Staff Editorial

STAFF EDITORIAL: The World Seems Like it’s Ending, What Else Can We Do?

The pandemic has taken a toll on a lot of aspects of life, and economic struggle has been near universal because of its effects. 

A recent Labor Department consumer price index (CPI) report shows inflation has risen at its fastest pace in 41 years, the Associated Press reported.

For Chicago specifically, food costs have increased nearly 10% from a year ago and rent has increased nearly 4%

Between the inflation and students receiving less from HEERF grants than in previous semesters due to increased demand, it’s clear students are struggling right now. 

The early pandemic government payments were short lived given the cost of living in Chicago. Even those who were fortunate enough to stay at home through the global event were subjected to costs as soon as they moved back to attend in-person classes. 

Many students didn’t receive any stimulus checks at all, as some parents still claim their kids as dependents, thus disqualifying them from receiving the government funds. 

College comes with hidden fees and costs around every corner, and while some students are lucky enough to receive help from their families, a lot of students are left to pay for these things on their own. Take the upcoming commencement ceremonies for example — in order to walk across the stage, students have to cough up nearly $100 for the regalia alone.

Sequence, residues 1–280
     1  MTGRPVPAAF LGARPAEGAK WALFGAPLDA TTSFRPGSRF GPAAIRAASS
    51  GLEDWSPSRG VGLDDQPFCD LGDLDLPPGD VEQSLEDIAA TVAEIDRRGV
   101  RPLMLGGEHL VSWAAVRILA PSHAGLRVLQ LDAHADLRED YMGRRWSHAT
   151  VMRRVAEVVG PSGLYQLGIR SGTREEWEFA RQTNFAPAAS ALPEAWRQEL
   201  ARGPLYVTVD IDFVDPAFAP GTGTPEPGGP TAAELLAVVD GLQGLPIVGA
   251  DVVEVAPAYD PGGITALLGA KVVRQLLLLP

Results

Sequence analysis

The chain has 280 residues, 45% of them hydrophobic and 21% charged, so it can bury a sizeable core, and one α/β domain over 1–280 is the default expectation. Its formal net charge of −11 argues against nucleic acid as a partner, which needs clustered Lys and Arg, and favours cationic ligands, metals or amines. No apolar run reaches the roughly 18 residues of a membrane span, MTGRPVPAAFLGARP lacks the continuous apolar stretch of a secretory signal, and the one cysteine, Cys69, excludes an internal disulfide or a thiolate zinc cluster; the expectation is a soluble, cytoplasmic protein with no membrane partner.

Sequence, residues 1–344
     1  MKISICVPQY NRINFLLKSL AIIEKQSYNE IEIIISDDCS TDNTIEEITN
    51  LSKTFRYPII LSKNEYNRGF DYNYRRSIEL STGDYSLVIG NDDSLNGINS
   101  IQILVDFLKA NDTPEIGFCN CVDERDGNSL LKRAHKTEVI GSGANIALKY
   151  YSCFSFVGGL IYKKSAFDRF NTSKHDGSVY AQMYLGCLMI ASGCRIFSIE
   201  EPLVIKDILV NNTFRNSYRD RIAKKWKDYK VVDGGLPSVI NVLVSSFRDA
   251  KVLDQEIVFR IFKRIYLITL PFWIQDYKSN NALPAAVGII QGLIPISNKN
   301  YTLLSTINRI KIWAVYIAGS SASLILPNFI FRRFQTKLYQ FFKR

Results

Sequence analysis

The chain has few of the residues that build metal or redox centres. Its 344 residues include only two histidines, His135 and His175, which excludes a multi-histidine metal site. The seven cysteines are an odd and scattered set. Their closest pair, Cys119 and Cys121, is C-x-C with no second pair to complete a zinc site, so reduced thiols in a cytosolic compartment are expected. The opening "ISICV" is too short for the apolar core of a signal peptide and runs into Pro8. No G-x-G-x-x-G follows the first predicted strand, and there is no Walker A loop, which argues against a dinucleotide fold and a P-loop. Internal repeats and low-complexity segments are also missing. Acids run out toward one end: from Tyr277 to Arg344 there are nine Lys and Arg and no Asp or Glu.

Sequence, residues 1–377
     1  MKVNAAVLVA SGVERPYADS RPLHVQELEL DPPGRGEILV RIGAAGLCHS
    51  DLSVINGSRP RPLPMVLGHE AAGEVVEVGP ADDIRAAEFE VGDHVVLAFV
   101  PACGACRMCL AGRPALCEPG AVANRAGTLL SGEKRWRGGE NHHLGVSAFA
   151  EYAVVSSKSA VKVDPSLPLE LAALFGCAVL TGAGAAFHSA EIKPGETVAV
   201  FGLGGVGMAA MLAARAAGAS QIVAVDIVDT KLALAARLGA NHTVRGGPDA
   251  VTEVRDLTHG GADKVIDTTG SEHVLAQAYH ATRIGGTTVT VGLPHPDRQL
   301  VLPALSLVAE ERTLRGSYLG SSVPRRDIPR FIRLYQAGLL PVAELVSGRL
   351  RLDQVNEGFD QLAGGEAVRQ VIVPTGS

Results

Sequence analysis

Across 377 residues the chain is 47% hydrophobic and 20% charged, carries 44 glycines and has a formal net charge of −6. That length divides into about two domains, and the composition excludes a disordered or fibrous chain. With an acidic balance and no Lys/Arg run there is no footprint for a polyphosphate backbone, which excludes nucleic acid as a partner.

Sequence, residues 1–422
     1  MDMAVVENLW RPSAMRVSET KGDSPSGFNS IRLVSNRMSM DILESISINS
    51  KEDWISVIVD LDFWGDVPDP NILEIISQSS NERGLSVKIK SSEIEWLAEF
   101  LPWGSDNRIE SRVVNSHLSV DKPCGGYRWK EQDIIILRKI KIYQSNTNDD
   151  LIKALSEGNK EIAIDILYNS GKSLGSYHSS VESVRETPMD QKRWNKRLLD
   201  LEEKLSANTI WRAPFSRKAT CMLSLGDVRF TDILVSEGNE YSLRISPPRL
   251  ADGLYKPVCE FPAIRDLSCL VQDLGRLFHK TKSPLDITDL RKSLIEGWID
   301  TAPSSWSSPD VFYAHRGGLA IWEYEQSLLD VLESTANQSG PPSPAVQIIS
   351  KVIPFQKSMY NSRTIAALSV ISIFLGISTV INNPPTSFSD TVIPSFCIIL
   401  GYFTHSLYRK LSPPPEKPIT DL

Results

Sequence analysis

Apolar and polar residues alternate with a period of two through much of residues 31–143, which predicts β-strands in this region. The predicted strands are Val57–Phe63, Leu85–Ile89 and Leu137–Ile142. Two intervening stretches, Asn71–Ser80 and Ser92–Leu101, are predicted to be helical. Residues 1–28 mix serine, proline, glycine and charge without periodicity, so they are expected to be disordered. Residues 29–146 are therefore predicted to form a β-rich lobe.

Combine the stress of rising prices with the recent release of the new Intergovernmental Panel on Climate Change (IPCC) April 4 showing an even shorter timeline before climate catastrophe is locked in, it seems like Loyola students fit classes and tests in between historically horrible happenings. 

There’s no way to sugar coat that times are tough for everyone right now. Did we mention the continued pandemic? 

As the school year creeps into finals territory, let’s all be cognizant of the pressures we are all facing. Professors, remember your time as a college student — fitting being a full-time student into providing for yourself — and give some grace to students who are just trying their best. 

It’s not even just Loyola students. Workers, especially Aramark workers, are feeling the pressures of higher costs of living and wages lower than needed to live in the city. Practicing patience and kindness with the employees that help us students every day is the least we can do. 

With the world seeming like it’s falling apart, we need to make sure we don’t forget we’re not alone in this struggle. These issues are bigger than us, but the least we can do to get through it together is to remember to have empathy.

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